The Golden Ratio and the Beautiful People

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I used to think that the Golden Ratio was a mysterious mathematical thing that would show us some basic mechanism by which the universe is organized, but on digging a little deeper, I found that the concept has been challenged or debunked in almost all areas in which it has been cited.

The Golden Ratio is defined as two quantities whose ratio is the same as the ratio of their sum to the larger of the two quantities. It is symbolized by the Greek letter phi. As with pi, the numerical value of phi is one that goes on without end: 1.6180339887…, often rounded to 1.618. It has been observed and theorized about since before the time of Euclid around 300 B.C.E. when it came out of the study of geometry, particularly from pentagons and pentagrams.

It is believed that the Golden Ratio defines a perspective providing the highest level of beauty in the world. It is therefore a consideration of artists and architects in their work and has been claimed as an element in many buildings and pictures.

The ratio is often described with a picture of a nautilus shell or with Leonardo da Vinci’s drawing of a man with limbs splayed in a circle and a square (Vitruvian man). These connections have been questioned as have the connections to the Parthenon, the Pyramids, the Mona Lisa and many other things.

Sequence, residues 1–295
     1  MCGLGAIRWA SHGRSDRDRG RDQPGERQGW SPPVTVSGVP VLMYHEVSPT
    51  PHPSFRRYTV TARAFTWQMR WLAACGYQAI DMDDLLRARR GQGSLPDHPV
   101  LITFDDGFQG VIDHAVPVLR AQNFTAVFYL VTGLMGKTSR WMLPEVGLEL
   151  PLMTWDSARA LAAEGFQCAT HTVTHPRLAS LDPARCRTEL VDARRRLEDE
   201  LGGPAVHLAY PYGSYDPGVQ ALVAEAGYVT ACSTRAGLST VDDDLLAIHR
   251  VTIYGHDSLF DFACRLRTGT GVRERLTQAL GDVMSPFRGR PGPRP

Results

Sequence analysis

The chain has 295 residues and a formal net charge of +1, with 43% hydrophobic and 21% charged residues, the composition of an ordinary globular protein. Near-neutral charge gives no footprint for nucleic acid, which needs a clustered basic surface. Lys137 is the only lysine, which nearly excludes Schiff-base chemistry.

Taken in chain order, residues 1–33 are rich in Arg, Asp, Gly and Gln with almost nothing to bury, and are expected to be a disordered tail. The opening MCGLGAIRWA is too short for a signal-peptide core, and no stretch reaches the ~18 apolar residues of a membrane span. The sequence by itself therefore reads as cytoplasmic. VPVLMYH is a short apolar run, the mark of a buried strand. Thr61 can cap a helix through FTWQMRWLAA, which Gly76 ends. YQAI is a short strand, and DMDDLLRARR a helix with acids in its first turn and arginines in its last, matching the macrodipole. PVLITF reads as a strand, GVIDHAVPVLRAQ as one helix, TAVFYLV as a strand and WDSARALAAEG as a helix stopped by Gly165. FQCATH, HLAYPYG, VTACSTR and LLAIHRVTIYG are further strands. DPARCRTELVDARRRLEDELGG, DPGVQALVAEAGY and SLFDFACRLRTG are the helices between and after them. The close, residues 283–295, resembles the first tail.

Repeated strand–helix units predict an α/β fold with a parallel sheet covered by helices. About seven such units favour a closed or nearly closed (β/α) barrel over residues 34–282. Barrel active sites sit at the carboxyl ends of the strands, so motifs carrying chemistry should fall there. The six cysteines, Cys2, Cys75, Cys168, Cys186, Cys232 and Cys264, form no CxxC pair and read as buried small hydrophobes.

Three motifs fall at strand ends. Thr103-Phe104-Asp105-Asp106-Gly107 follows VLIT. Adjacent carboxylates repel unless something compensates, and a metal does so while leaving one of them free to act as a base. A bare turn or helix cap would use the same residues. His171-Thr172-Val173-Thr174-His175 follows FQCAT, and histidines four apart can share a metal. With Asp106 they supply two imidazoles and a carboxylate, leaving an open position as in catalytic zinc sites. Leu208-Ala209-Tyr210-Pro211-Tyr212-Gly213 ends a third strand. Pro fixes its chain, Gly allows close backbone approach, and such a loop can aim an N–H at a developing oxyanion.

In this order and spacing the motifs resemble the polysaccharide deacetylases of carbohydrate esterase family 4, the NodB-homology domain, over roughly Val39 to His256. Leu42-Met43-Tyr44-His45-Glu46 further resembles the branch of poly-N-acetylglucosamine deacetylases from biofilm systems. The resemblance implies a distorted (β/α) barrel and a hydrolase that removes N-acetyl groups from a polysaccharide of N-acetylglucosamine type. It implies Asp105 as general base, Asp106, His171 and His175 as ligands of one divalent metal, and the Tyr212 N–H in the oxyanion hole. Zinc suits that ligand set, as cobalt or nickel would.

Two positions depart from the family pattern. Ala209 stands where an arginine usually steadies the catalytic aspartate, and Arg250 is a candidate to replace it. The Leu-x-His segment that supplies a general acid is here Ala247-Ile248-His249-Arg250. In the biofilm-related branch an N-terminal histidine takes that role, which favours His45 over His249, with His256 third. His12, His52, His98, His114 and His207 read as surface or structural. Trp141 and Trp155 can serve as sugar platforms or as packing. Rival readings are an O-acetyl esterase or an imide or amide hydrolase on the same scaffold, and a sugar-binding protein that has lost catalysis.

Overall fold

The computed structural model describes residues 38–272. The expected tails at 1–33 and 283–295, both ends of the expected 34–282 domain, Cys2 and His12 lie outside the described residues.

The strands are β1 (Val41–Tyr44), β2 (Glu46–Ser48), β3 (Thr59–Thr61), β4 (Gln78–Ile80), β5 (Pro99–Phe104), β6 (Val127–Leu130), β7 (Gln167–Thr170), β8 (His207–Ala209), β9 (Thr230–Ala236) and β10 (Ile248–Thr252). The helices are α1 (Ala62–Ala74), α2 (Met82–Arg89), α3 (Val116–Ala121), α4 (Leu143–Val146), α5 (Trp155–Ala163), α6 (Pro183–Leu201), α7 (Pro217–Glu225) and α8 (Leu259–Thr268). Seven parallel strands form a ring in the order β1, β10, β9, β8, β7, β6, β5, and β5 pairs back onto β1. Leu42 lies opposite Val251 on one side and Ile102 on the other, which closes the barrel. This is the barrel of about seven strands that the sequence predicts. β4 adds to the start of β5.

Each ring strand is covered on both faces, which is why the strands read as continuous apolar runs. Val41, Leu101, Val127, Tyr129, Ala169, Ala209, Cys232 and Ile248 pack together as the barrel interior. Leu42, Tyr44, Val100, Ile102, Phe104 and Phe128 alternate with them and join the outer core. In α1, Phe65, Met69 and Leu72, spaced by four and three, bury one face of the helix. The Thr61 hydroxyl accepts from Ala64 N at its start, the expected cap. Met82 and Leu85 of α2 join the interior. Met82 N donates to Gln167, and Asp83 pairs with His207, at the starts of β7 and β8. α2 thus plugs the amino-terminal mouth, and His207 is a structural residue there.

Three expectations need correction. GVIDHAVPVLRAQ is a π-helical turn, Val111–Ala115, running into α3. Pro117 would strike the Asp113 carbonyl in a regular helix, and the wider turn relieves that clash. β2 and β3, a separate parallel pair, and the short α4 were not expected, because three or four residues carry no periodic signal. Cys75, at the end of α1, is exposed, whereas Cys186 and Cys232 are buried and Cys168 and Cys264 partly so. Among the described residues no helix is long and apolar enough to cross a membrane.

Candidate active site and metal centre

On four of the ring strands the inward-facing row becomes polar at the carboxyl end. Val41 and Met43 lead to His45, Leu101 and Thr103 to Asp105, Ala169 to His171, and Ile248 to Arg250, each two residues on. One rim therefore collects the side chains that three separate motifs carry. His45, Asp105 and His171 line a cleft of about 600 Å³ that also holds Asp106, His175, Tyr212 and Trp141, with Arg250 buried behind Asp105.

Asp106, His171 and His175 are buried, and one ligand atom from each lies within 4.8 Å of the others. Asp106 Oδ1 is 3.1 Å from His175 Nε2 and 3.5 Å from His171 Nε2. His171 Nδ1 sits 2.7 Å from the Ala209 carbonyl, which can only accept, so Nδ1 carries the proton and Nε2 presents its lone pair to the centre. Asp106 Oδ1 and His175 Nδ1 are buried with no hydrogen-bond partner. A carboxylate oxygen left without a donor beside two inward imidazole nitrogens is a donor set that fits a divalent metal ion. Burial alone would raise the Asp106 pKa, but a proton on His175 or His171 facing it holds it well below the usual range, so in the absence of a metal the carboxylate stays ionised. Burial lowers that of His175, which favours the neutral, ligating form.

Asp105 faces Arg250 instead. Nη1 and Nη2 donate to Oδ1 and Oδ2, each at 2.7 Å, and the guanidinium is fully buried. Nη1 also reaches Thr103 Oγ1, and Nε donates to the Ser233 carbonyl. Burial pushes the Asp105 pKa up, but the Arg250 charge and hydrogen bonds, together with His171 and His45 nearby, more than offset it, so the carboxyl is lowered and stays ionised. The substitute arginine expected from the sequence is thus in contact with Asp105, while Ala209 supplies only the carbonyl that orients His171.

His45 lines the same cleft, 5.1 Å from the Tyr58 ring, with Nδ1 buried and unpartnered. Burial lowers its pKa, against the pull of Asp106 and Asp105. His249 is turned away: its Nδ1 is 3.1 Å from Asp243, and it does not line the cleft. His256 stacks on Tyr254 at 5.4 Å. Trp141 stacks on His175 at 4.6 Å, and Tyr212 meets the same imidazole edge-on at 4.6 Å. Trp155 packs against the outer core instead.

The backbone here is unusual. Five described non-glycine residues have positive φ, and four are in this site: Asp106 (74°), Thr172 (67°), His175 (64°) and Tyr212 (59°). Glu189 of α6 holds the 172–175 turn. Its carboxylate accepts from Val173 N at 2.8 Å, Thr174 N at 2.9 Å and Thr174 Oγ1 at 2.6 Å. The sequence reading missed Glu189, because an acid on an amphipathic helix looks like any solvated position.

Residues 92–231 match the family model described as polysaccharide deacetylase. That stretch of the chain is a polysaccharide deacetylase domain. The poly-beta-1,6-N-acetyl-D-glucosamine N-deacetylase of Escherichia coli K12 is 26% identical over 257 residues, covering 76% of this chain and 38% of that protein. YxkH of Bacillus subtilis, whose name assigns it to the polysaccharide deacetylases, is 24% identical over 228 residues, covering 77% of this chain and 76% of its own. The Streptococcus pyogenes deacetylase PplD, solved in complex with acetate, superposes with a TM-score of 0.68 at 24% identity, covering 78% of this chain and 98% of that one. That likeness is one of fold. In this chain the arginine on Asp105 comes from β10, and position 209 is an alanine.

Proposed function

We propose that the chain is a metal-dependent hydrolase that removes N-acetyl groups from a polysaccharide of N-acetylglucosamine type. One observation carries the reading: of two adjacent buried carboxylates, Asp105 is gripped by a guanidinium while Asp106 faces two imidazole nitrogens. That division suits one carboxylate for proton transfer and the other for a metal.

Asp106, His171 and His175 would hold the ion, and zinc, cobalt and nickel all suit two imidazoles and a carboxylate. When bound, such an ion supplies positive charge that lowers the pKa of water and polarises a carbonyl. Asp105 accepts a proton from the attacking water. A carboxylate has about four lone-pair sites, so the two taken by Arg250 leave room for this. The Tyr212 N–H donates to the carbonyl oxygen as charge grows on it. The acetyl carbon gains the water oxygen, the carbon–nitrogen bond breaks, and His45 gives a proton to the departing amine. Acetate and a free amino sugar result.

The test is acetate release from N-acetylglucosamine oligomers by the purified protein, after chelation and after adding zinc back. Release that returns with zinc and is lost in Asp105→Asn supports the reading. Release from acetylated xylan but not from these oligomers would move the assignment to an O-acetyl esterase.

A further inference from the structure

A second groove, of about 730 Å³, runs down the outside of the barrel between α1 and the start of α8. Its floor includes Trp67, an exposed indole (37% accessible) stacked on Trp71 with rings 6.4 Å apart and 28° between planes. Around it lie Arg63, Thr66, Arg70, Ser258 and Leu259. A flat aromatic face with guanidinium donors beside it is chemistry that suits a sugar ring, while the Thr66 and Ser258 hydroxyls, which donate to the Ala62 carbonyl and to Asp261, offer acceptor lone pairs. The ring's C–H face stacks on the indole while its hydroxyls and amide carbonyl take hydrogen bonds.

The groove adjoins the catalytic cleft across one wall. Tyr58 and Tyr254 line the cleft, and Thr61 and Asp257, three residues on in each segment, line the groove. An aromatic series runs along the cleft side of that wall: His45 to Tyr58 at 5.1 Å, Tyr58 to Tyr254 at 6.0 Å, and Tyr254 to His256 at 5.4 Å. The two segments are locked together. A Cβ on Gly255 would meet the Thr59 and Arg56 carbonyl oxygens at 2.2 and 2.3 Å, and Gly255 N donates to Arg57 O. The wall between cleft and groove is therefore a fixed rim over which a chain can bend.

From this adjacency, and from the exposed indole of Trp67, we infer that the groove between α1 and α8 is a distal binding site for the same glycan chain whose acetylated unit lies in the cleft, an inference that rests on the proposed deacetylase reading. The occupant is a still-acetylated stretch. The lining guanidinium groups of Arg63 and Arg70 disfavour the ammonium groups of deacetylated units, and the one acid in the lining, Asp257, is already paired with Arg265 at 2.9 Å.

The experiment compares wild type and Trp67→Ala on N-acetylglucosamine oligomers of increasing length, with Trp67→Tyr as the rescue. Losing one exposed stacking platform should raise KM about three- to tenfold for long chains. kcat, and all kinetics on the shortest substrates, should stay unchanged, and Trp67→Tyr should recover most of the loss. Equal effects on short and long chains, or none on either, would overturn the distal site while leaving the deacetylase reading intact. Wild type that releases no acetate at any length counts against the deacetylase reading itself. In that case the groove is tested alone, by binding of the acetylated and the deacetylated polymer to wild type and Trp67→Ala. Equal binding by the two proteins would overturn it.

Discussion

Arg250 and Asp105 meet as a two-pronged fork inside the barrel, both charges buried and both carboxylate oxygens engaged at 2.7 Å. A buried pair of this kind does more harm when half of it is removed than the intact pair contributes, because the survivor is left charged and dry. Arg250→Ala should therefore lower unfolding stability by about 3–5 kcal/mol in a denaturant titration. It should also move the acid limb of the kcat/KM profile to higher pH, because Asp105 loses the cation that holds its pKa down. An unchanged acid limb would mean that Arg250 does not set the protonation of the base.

Sources vary on the truth or falsehood of many applications of the Golden Ratio, but they seem more accepting with respect to the world of plants and flowers. Petals and seeds arrange themselves in a way that reflects the Golden Ratio, petals to get the most sun and moisture, and seeds in order to pack more of them into a small space.

Regardless of the uncertainties in its applications, the Golden Ratio gets put to use in many modern situations. People have even used it to assess stock market movements and prices of individual stocks. One theory is that once a stock has s significant increase or decrease, its resistance (to increasing) and support (against decreasing) levels will be at or hear the Golden Ratio.

And then there is the human body. There is evidence to suggest that what we perceive as beauty in men and women is associated with how closely the proportions of facial and body dimensions cone to the Golden Ratio. Face, body, fingers, and even DNA have been cited as embodying the ratio.

Dr. Julian Da Silva, a leading facial plastic surgeon in London, uses computer mapping techniques for measuring facial features. He has applied the Golden Ratio to facial measurements of some famous people and rated their attractiveness. Among women he finds the most attractive faces belong to Bella Hadid, Beyonce´, Amber Heard, Ariana Grande, Taylor Swift, Kate Moss, Scarlett Johansson, Natalie Portman, Katy Perry, and Cara Delevingne. Comparable study of men produced this list: Robert Pattinson, Henry Cavill, Bradley Cooper, George Clooney, David Beckham, Iris Elba, Kanye West, and Ryan Gosling. 

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